• Proposed
  • 2Under Assessment
  • 3Preliminary Assessed
  • 4Assessed
  • 5Published

Pholiota nubigena (Harkn.) Redhead

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Scientific name
Pholiota nubigena
(Harkn.) Redhead
Common names
IUCN Specialist Group
Mushroom, Bracket and Puffball
Assessment status
Proposed by
Noah Siegel
Comments etc.
Noah Siegel

Assessment Notes

Taxonomic notes

Described as Secotium nubigenum from a collection made in the California, USA mountains, (Harkness 1885). Later made the Type species of the genus Nivatogastrium (Singer & Smith 1959).

Based on micro morphological and phylogenetic data, transferred into the genus Pholiota (Redhead 2014, Siegel et al. 2015).

Why suggested for a Global Red List Assessment?

Pholiota nubigena occurs on conifer debris in high elevation forest in areas with deep winter snowpack. Common in the Sierra Nevada and Cascade Range of California and Oregon, occasional in isolated peaks in the Siskiyou Range, and the northern Rocky Mountains in Idaho.

Under treat due to climate change, and declining snowpacks in the western North American mountains.

Geographic range

High elevation forests in the Sierra Nevada, Siskiyou, Cascade Range in California and Oregon, rare in the Washington Cascade Range, and occasional in the Rocky Mountains in Idaho.

Population and Trends

Population is widespread, and locally is can be very common; occurring through high elevation conifer forests with ample winter snowpack in California and Oregon, with scattered locations in Washington and Idaho.

It is confined to high elevation conifer forests. These forests are affected by changing climate; with warmer and drier winters that have elevated and lessened the average snowfall. Stoelinga et al. (2010) state that Cascade Range spring snowpack declined 23% during 1930-2007, and models suggest that the rate of snowpack decline with increase substantially by the end of the century (Rhoades et al. 2018).

This species is likely dependent on mycophagy (primarily eaten by small mammals) for spore dispersal, and thus, dispersal distance is limited.

Population Trend: Decreasing

Habitat and Ecology

Solitary or scattered on decaying conifer debris near melting snowbanks in spring and early summer. It has a preference for Fir (Abies spp.) forests in areas with ample winter snowpack. This species is likely dependent on mycophagy (primarily eaten by small mammals) for spore dispersal.

Temperate Forest


Pholiota nubigena is a common snowbank fungus dependent on thick winter snowpacks to fruit. Snowbank fungi, unique to the western North American mountains, occur in areas with ample snowpack. They fruit in the spring and summer, as the snow melts and recedes. As the climate changes, warmer and drier winters have elevated and lessened the average snowfall.  Climate change, continued loss of habitat, decline in area of undisturbed forests, and hotter, stand replacing fires are detrimental to this species.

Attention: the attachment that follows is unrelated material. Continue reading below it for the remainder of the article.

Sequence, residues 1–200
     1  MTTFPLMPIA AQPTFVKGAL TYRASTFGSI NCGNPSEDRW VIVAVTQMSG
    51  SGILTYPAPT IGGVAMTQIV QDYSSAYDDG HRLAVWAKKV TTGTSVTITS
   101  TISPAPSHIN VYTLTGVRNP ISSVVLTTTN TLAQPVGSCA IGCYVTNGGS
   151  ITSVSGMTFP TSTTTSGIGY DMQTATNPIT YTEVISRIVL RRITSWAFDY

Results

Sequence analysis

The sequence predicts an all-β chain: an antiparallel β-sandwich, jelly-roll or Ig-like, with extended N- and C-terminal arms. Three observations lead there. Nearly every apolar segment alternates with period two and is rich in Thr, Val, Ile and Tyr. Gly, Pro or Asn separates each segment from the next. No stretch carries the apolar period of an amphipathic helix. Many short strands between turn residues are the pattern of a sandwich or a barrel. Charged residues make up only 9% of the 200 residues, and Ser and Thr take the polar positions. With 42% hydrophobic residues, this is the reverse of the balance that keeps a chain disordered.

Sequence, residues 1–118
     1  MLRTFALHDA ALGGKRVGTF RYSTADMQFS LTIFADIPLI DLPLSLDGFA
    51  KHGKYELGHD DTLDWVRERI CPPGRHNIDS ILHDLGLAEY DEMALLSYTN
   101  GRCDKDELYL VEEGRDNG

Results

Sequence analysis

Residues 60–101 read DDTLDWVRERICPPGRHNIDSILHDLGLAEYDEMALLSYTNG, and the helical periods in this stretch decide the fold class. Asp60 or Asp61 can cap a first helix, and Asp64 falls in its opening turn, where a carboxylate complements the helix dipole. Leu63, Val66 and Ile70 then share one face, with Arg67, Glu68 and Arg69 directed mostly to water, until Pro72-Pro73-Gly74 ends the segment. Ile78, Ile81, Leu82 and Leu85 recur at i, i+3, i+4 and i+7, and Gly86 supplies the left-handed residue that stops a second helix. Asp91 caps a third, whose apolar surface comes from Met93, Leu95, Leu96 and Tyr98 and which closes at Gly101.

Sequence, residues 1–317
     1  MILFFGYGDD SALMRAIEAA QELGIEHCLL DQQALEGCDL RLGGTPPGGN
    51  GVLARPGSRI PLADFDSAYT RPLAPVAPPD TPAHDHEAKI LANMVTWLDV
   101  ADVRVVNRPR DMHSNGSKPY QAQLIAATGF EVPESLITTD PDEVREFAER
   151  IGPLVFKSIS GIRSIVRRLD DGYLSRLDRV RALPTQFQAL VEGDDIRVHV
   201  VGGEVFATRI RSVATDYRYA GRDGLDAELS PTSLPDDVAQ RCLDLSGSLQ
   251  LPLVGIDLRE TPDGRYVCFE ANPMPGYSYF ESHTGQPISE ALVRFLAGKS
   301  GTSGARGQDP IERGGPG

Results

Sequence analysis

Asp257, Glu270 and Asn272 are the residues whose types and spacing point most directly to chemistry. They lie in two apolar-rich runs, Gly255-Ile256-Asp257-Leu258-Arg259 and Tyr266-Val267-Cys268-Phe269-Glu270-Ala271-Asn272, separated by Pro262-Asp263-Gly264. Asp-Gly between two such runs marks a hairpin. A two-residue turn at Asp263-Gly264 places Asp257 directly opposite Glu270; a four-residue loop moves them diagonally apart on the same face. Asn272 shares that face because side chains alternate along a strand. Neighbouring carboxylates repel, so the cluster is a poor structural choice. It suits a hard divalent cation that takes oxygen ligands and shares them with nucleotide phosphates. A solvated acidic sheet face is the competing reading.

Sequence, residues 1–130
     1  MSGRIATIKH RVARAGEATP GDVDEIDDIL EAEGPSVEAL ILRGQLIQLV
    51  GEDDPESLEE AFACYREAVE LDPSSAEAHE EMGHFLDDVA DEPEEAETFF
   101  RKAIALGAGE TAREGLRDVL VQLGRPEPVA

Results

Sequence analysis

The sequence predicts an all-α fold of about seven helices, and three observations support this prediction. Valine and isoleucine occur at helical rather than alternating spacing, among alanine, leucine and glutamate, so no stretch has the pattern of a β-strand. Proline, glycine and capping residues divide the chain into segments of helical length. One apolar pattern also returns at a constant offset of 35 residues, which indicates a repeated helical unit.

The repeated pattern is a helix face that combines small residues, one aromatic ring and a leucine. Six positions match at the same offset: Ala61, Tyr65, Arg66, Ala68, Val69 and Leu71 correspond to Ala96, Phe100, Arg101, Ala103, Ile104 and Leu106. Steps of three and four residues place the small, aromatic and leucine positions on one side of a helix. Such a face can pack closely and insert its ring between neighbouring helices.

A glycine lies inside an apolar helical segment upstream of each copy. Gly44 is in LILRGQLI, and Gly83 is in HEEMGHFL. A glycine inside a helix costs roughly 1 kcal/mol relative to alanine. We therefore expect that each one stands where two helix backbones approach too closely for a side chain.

Snowpack decline in the western North American mountains has been well documented (Mote et al. 2005, Mote et al 2018, Zeng et al. 2018, Stoelinga et al. 2010). Stoelinga et al. (2010) state that Cascade Range spring snowpack declined 23% during 1930-2007, and models suggest that the rate of snowpack decline with increase substantially by the end of the century (Rhoades et al. 2018).

Habitat shifting & alteration

Conservation Actions

Pholiota nubigena remains a common species in appropriate habitat, under threat due to climate change, and loss of winter snowpack.

Research needed

Use and Trade

None known.


Castellano, M.A., Smith, J.E., O’Dell, T., Cázares, E. and Nugent, S. 1999. Handbook to Strategy 1 Fungal Species in the Northwest Forest Plan. U. S. Department of Agriculture, Forest Service, Pacific Northwest Research Station: Portland, OR. 195 p.

Cooke, W.B. 1955. Subalpine fungi and snowbanks. Ecology 36: 124–130.

Desjardin, D.E., Wood, M.G. and Stevens, F.A. 2015. California Mushrooms: The Comprehensive Identification Guide. Timber Press: Portland, OR. 560 p.

Fyfe, J. C. et al. 2017. Large near-term projected snowpack loss over the western United States. Nat. Commun. 8, 14996 doi: 10.1038/ncomms14996.

Hesler, L.R. and Smith, A.H. 1963. North American Species of Hygrophorus. University of Tennessee Press, Knoxville.

Mote, P.W., Hamlet, A.F., Clark, M.P. and Lettenmaier, D.P. 2005: Declining mountain snowpack in western North America. Bulletin of the American Meteorological Society 86, 39–49.

Mote, P.W., Li, S., Lettenmaier, D.P. et al. 2018. Dramatic declines in snowpack in the western US. npj climate and atmospheric science 1, 2 (2018). https://doi.org/10.1038/s41612-018-0012-1

MyCoPortal. 2021. http://mycoportal.org/portal/index.php. Accessed on February 24.

Redhead, S.A. 2014. Nomenclatural novelties. Index fungorum 148: 1.

Rhoades, A.M., Jones, A.D. and Ullrich, P.A. 2018. The Changing Character of the California Sierra Nevada as a Natural Reservoir. Geophysical Research Letters. DOI: 10.1029/2018GL080308Harkness, H.W. 1885. Fungi of the Pacific Coast IV. Bulletin of the California Academy of Sciences 1(4): 256-268. (Protologue)

Siegel, N., Nguyen, N.H. and Vellinga, E.C. 2015. Pholiota olivaceophylla, a forgotten name for a common western North American snowbank fungus, and notes on Pholiota nubigena. Mycotaxon 130(2): 517-532.

Singer, R. & Smith, A.H. 1959. Studies on secotiaceous fungi—V. Nivatogastrium gen. nov. Brittonia 11: 224-228.

Stoelinga, M.T., Albright, M.D. and Mass, C.F. 2010. A new look at snowpack trends in the Cascade Mountains. Journal of Climate 23: 10. 2473–2491. https://doi.org/10.1175/2009JCLI2911.1

Wood, M.G. and Stevens, F.A. 2021. MykoWeb; the Fungi of California. https://www.mykoweb.com/CAF/species/Pholiota_nubigena.html

Country occurrence

Regional Population and Trends

Country Trend Redlisted